Do you do keyhole or minimally invasive surgery at Granta Veterinary Specialists?

Keyhole or minimally invasive surgery is gaining popularity in veterinary surgery because like in humans, there have been some reported benefits such as reduced pain and faster recovery times. Minimally invasive surgery comes in many forms from keyhole surgery to interventional radiology whereby moving xrays (fluoroscopy) is used to deliver drugs, close off vessels or treat some congenital urinary conditions. Some examples of the use of keyhole and minimally invasive surgery are listed below and at Granta Veterinary Specialists we would be very happy to discuss these options with you and / or your vet and evaluate whether they would benefit your pet rather than conventional “open” surgical approaches.

  1. Laparoscopic spay, which technically is removal of your dog’s ovaries
  2. Cryptorchid castration, which is a technique that uses keyhole surgery to locate and help remove a testicle that has not descended properly from the abdomen
  3. Liver and pancreas biopsies
  4. Gastropexy, to reduce the risk of gastric dilatation and torsion in breeds at risk
  5. Portosystemic (liver) shunts can sometimes be managed using interventional radiology
  6. Ectopic ureters causing urinary incontinence can sometimes be managed using laser treatment instead of open surgery
  7. LATE treatment for BOAS cases (see BOAS section)
Why does my pet have to stay overnight after surgery with you?

In most cases, depending on the procedure, your pet will stay with us after surgery overnight. This might be for one night or several nights depending on the condition and the progress your pet is making and we will try our best to give you an approximate stay length after your consultation, although understandably sometimes this might vary. The reasons why we advise at least one overnight stay are varied but relate most often to monitoring your pet closely in recovery, pain management, ensuring that your pet can eat and that the recovery is manageable at home once we have discharged them.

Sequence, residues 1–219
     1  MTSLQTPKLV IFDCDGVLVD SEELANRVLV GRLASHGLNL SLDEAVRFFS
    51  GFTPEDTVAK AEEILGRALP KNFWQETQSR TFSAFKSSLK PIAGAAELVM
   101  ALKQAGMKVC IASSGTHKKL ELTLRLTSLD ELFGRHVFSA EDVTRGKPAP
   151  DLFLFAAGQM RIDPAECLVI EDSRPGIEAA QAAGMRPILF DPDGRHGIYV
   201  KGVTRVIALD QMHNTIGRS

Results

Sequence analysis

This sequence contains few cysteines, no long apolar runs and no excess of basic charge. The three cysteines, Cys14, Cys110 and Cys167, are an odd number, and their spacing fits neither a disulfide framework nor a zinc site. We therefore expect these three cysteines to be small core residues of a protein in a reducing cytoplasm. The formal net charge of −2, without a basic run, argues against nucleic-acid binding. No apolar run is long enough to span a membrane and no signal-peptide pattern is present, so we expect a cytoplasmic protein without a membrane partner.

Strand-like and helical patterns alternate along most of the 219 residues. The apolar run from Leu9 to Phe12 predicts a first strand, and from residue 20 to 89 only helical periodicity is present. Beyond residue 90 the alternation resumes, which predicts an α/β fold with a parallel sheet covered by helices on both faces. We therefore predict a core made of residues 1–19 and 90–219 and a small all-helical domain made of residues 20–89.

What should I expect when my pet comes back home?

We hope that by the time your pet is ready to be discharged, their aftercare should be quite straightforward. In most cases good old-fashioned TLC is what is needed once they come home: plenty of rest, calm reassurance, and making them feel they are returning to an environment they are used to and love. We will advise you on specific instructions at the time of discharge so we always book a discharge appointment with you so that we can discuss aftercare with you and any questions. We never consider the discharge as the end of our relationship and would encourage continued communication, especially if recovery is not what you are expecting or have concerns.

What if my pet has complications after surgery?

It can be a stressful time when complications occur, and we feel disappointed just as much as you would do if they do occur during or after surgery in your pet. However, surgery is never an exact science and pets do not always recover with the same degree of speed or consistency as each other so unfortunately complications can occur.

At your consultation we will go through the more common complications that may occur with each procedure so you understand the implications before agreeing to surgery. If any do occur whilst your pet is in hospital, we aim to let you know as soon as possible so we can discuss the best way forward and therefore make joint decisions in your pet’s best interest.

If complications occur following discharge, hopefully an even rarer occurrence, we would ask that you let us know as soon as possible so that we can advise you directly. Depending on the severity and urgency of the complication, possible outcomes may be that we can advise over telephone or email, liaise with your own vet or ask that you bring your pet back to see us. We will never ignore your concerns because we know that the quicker we recognise when something is not right, the better the chance of managing the complication optimally.